U.S. and Mexican authorities are pushing back against reports of widespread raids that have sown panic in immigrant communities. But the “targeted operation” launched in recent days by U.S. Immigration and Customs Enforcement (ICE) appears to be the largest of its kind since President Donald Trump took office.
In an interview with The Texas Tribune on Saturday, Carlos Gonzalez Gutierrez, the consul general of Mexico in Austin, shot down social media reports suggesting that ICE had set up traffic checkpoints or was rounding up immigrants indiscriminately. ICE called the reports of massive round-ups “false, dangerous and irresponsible,” the New York Times reported.
In Austin, a liberal enclave with a brand new “sanctuary” policy at the local jail, Gonzalez Gutierrez said the raid was the most extensive he’d seen since he arrived in the Texas capital almost two years ago. He said some of those apprehended by ICE were not the original targets of the U.S. operation. All told there were 44 Mexican nationals apprehended in the Austin area on Thursday and Friday, he said. Typically the agency picks up a handful per day. It's not clear how many immigrants from other countries may have been picked up in the operation.
Gonzales Gutierrez said ICE officials informed the consulate that they “are looking for specific persons that… have to be detained because they have failed to honor a deportation order or because they have a DWI-related warrant or because of domestic violence. It’s a wide range of issues.”
In some cases, he said some of the Mexican nationals who were with the targeted immigrants also got detained; he said that has happened in past operations.
“Whenever they find their target, for example in their vehicles, if in that same vehicle there [are] more people who are undocumented or who they presume are undocumented, then they detain everybody,” he said. “And so there [are] a few of our nationals that were caught up because they were in the wrong place at the wrong time.”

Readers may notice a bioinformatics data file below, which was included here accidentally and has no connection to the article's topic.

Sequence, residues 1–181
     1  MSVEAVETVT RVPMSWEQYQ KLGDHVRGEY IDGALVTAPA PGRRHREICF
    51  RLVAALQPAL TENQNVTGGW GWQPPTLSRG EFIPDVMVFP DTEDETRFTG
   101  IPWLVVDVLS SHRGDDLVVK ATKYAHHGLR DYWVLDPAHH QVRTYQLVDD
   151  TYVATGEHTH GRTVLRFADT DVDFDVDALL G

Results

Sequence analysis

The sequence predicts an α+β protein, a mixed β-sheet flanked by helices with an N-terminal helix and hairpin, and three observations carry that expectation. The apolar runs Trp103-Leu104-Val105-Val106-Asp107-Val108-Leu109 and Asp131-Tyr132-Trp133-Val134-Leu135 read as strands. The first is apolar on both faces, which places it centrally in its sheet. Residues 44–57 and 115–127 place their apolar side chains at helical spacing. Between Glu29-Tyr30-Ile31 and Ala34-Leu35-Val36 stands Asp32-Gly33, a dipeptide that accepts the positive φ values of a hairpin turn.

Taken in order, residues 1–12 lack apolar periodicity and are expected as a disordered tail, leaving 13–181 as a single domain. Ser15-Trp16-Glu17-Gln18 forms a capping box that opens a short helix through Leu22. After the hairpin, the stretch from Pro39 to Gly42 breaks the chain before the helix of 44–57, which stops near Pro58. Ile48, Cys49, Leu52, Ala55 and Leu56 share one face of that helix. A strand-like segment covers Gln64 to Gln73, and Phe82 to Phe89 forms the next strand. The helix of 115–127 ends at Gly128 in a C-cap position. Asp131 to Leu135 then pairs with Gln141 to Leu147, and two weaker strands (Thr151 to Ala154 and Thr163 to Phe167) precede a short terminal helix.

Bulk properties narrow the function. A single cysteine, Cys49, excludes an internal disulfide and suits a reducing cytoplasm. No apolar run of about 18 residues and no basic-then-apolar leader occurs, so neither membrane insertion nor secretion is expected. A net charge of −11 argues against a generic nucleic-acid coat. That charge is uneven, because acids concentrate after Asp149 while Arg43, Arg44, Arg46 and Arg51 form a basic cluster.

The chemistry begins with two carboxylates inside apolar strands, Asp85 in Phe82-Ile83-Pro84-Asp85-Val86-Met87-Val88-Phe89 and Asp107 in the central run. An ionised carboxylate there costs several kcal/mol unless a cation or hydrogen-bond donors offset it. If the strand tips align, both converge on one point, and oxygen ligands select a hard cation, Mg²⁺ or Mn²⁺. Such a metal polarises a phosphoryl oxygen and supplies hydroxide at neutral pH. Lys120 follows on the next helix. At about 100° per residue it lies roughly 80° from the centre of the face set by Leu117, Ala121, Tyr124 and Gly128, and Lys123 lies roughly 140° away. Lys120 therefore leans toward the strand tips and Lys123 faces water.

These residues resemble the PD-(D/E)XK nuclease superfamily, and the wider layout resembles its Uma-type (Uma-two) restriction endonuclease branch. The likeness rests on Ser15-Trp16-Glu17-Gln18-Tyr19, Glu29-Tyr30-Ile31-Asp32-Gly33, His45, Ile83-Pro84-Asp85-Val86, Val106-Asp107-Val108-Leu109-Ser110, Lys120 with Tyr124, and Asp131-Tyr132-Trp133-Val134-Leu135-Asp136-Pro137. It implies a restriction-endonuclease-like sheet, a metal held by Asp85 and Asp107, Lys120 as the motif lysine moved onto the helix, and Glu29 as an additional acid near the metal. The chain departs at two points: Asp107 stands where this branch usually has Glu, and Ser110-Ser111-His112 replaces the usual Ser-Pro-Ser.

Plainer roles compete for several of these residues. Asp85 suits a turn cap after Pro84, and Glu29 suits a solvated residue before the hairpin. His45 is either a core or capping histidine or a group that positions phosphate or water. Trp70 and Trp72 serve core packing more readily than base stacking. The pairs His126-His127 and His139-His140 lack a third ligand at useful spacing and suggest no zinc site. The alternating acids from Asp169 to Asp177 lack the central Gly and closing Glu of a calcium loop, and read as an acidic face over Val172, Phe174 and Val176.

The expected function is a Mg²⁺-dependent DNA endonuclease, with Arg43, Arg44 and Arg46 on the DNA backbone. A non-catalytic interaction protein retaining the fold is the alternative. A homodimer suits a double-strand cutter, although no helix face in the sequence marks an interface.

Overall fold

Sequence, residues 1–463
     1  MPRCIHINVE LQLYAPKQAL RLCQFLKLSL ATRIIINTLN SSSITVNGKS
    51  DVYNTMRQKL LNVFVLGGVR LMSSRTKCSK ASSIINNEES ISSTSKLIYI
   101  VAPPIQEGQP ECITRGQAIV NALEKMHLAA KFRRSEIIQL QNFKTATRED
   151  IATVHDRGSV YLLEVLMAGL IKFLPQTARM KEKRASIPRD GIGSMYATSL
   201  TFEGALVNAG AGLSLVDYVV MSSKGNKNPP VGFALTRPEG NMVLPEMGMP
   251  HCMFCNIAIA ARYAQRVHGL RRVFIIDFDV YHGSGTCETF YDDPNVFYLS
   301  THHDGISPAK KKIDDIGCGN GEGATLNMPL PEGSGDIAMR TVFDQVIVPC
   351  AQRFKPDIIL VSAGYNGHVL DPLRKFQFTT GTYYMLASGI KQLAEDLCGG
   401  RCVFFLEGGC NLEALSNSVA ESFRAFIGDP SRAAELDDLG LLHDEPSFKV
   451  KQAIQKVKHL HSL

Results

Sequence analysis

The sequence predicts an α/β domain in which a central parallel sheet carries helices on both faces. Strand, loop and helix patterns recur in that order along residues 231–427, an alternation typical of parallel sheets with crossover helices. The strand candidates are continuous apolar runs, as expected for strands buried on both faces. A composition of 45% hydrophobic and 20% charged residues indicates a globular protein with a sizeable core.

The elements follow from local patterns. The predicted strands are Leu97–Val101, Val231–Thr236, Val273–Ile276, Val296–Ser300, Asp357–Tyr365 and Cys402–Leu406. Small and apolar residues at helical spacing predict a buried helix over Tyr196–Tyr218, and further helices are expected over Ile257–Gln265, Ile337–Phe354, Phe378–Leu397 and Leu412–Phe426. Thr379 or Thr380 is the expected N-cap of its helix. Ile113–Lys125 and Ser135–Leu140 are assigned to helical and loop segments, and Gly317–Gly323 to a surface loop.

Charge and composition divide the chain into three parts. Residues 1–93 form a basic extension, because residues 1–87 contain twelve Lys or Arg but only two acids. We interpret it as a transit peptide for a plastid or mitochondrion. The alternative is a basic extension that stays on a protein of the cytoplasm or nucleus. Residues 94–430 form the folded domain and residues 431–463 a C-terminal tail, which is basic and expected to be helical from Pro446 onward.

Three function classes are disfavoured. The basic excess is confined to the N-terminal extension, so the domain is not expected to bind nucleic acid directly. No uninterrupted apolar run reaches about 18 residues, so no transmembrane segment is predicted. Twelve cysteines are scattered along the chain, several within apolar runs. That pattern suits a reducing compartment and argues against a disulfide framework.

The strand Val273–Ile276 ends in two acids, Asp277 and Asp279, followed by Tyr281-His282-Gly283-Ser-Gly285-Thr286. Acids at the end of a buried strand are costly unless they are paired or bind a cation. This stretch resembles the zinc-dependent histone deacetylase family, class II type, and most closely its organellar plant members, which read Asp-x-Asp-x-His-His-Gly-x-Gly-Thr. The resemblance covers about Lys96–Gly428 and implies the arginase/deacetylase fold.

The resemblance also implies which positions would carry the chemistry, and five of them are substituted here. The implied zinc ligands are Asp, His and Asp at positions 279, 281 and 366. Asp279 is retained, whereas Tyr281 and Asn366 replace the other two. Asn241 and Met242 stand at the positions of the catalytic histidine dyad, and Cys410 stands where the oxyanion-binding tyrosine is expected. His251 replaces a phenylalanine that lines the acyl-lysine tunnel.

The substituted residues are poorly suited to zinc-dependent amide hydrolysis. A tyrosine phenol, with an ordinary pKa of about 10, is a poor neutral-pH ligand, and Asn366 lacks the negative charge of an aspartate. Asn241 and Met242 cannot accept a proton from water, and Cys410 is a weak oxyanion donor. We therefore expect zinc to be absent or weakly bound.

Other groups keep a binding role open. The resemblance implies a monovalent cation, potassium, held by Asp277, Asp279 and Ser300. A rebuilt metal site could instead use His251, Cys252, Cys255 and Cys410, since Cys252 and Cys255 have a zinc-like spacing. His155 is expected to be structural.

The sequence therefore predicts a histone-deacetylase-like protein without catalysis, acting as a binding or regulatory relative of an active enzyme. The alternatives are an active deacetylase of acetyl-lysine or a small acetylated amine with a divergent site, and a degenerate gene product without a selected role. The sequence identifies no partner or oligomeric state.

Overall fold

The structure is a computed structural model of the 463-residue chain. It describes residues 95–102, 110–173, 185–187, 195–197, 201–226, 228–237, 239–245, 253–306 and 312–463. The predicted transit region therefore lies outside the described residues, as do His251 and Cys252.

While Gonzalez Gutierrez expressed concern about the specter of a large operation targeting immigrants, he said it’s important to let people know that is not what’s happening now.
“This is not the widespread massive raids that are sometimes described in social media,” he said. “We have found no evidence of those workplace raids, or school raids, [or] massive raids outside of hospitals that people were talking about in social media."
Central Texas was prominently featured in several national news stories with unconfirmed reports of immigrant raids, vehicle checkpoints and random ID checks.
And in the last two days, immigrant lawyers and advocacy groups have sounded alarms in multiple cities over what they called unusual enforcement activity by ICE. In Los Angeles, for example, the American Civil Liberties Union tweeted: "URGENT: ICE conducted multiple raids of homes across the city." Protests erupted soon after.
U.S. Homeland Security Secretary John Kelly said at a news conference in California Friday night that the reports were flat wrong, according to local media reports.
“They’re not rounding anyone up,” Kelly said. “The people that ICE apprehend are people who are illegal, and then some.”
According to an ICE statement released to the news media in California, at least 160 people were apprehended over five days in the region as part of a routine “enforcement surge” targeting undocumented immigrants wanted by the agency. Of those, 150 had criminal records and five had removal orders, according to the reports.
KABC-TV in Los Angeles reported that 95 percent of the people detained in Southern California by ICE were men. Included were an MS-13 gang member from El Salvador, a Brazilian national wanted for cocaine trafficking and an Australian convicted of lewd and lascivious acts with a child, the station said.
Texas Tribune reporter Cassandra Pollock contributed to this story.